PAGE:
everything in those computers...  ;)


Item 12 describes a well known problem, however
this cannot be fixed by the users of the system.

Oh yes, they could and should move from TeliaSonera to Elisa for
example, that uses secure COMP-128-3 and A5/3. Its been years and
years since this security hole was shown first so they have had
plenty of time, but they just dont give a drek (both in TeliaSonera
and in our parlament).


Furthermore item 12 describes a scenario which simply is not
realistic. Whilst the encryption algorithms in use may be
crackable in near real time on a modern computer,

A5/1 is crackable IN REAL TIME.
http://www.gsm-security.net/faq/gsm-a3-a8-comp128-broken-
security.shtml
http://cryptome.org/gsm-crack-bbk.pdf
http://www.gsm-security.net/faq/gsm-a5-broken-security.shtml


dissection of the modulation scheme and isolation of a single
device is most certainly NOT possible with a single laptop.

Ofcourse you need few additional tools for that, but the point is,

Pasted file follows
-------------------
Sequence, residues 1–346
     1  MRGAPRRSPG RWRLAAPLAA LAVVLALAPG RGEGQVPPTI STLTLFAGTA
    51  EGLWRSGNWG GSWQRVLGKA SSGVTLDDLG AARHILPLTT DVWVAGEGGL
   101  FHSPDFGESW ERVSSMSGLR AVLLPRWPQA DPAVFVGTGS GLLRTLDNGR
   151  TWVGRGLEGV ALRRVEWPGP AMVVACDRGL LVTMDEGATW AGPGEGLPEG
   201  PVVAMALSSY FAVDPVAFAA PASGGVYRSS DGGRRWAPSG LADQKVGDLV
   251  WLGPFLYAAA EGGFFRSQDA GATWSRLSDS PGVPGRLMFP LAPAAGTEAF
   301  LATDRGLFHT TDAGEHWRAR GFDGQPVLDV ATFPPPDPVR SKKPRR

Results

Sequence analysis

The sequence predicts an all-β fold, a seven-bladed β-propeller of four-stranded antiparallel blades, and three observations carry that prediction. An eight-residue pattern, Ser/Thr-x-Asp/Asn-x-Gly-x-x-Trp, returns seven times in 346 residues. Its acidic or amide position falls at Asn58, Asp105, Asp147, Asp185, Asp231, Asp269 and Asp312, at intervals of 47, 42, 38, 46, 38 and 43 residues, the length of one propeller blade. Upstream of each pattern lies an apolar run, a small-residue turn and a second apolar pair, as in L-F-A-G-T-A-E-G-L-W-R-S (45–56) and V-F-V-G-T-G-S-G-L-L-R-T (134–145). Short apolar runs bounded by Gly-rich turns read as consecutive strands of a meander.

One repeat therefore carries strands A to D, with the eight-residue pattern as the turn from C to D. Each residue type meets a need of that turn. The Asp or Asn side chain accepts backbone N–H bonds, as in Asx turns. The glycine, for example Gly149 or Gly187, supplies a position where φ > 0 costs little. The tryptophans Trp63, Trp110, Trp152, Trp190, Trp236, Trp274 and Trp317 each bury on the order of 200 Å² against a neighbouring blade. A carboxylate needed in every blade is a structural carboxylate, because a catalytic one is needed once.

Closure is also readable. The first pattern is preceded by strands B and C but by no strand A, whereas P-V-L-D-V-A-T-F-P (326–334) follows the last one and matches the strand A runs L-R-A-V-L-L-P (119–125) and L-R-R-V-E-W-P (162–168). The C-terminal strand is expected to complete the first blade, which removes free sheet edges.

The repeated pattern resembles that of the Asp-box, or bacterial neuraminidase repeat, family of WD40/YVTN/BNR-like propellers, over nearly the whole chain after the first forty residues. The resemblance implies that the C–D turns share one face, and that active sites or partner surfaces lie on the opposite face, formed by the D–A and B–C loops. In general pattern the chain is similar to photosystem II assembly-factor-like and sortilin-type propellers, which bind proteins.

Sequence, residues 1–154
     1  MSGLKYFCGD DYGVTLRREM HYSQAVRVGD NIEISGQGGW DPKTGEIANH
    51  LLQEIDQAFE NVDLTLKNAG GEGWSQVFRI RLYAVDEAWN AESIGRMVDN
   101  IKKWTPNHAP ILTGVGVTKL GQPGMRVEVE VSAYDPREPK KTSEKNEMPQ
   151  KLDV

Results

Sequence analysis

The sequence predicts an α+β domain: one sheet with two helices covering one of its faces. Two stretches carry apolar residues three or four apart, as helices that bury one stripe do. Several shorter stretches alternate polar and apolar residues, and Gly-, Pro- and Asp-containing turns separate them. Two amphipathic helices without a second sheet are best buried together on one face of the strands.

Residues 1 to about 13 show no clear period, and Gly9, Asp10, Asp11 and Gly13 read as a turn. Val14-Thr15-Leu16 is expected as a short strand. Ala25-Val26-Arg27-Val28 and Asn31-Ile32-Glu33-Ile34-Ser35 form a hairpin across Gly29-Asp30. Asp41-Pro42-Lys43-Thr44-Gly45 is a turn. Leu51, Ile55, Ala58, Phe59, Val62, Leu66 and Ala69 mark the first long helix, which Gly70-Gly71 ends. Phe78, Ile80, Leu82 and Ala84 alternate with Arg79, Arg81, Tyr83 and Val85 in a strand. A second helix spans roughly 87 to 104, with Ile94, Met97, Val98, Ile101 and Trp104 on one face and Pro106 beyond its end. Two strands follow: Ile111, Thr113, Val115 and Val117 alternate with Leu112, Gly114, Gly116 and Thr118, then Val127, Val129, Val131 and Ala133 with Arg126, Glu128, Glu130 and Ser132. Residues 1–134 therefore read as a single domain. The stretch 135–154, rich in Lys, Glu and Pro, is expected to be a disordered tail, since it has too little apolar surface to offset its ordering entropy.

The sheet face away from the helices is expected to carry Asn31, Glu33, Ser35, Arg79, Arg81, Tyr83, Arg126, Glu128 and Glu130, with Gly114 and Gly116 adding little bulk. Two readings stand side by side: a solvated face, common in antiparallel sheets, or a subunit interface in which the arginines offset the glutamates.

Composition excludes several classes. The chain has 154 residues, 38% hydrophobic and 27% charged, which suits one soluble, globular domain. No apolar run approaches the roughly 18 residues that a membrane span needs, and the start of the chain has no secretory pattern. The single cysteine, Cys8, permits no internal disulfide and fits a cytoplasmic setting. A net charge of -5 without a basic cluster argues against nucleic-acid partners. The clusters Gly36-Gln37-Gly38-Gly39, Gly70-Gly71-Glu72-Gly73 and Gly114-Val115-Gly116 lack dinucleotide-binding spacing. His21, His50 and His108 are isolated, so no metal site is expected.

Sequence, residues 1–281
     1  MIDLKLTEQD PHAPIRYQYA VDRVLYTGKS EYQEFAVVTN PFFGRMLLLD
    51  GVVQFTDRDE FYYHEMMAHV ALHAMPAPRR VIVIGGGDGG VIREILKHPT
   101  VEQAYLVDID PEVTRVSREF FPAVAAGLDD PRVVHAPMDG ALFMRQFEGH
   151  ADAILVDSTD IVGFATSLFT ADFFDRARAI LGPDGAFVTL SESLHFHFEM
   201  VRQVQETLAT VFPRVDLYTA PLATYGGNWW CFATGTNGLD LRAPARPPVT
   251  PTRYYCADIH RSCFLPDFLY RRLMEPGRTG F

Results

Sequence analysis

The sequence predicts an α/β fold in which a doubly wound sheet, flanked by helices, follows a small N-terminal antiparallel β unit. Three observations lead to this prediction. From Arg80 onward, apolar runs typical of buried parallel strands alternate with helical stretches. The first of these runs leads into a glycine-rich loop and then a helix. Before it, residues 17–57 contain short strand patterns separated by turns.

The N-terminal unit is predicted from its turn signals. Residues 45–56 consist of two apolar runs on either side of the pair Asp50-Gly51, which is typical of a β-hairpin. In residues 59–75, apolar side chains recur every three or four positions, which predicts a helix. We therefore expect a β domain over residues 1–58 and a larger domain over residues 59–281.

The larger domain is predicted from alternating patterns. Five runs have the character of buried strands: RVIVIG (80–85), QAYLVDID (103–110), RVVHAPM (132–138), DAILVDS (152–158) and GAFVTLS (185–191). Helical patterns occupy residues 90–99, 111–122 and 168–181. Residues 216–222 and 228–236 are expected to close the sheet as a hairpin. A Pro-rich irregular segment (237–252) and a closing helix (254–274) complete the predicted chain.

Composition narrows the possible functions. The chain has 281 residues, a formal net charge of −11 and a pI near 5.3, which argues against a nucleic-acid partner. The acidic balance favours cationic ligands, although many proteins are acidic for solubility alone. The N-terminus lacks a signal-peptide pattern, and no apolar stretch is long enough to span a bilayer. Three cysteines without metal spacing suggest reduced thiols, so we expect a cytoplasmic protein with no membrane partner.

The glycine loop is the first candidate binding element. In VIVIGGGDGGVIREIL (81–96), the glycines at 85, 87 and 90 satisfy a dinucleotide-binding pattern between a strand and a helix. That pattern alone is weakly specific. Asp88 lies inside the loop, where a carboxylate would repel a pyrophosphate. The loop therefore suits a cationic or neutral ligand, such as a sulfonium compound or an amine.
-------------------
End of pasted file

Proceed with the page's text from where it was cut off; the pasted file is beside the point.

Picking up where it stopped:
that the security of the system is broken.


Most likely there are no civilians in Finland with the
resources to actually carry out the attack described.

Some civilians do have. However, Finnish people are so uninterested
in politics that they really would bother. ;)  But other goverments
and intelligence agencies would surely be interested and willing to
wiretap and listen.


Item 13 has more implications than have been considered
and would require more than a little insider knowledge
to pull off the attack.

Perhaps. The issue is, that it can be done and they should protect
themselfes against it.


In terms of civilian liability this method of attack is absolutely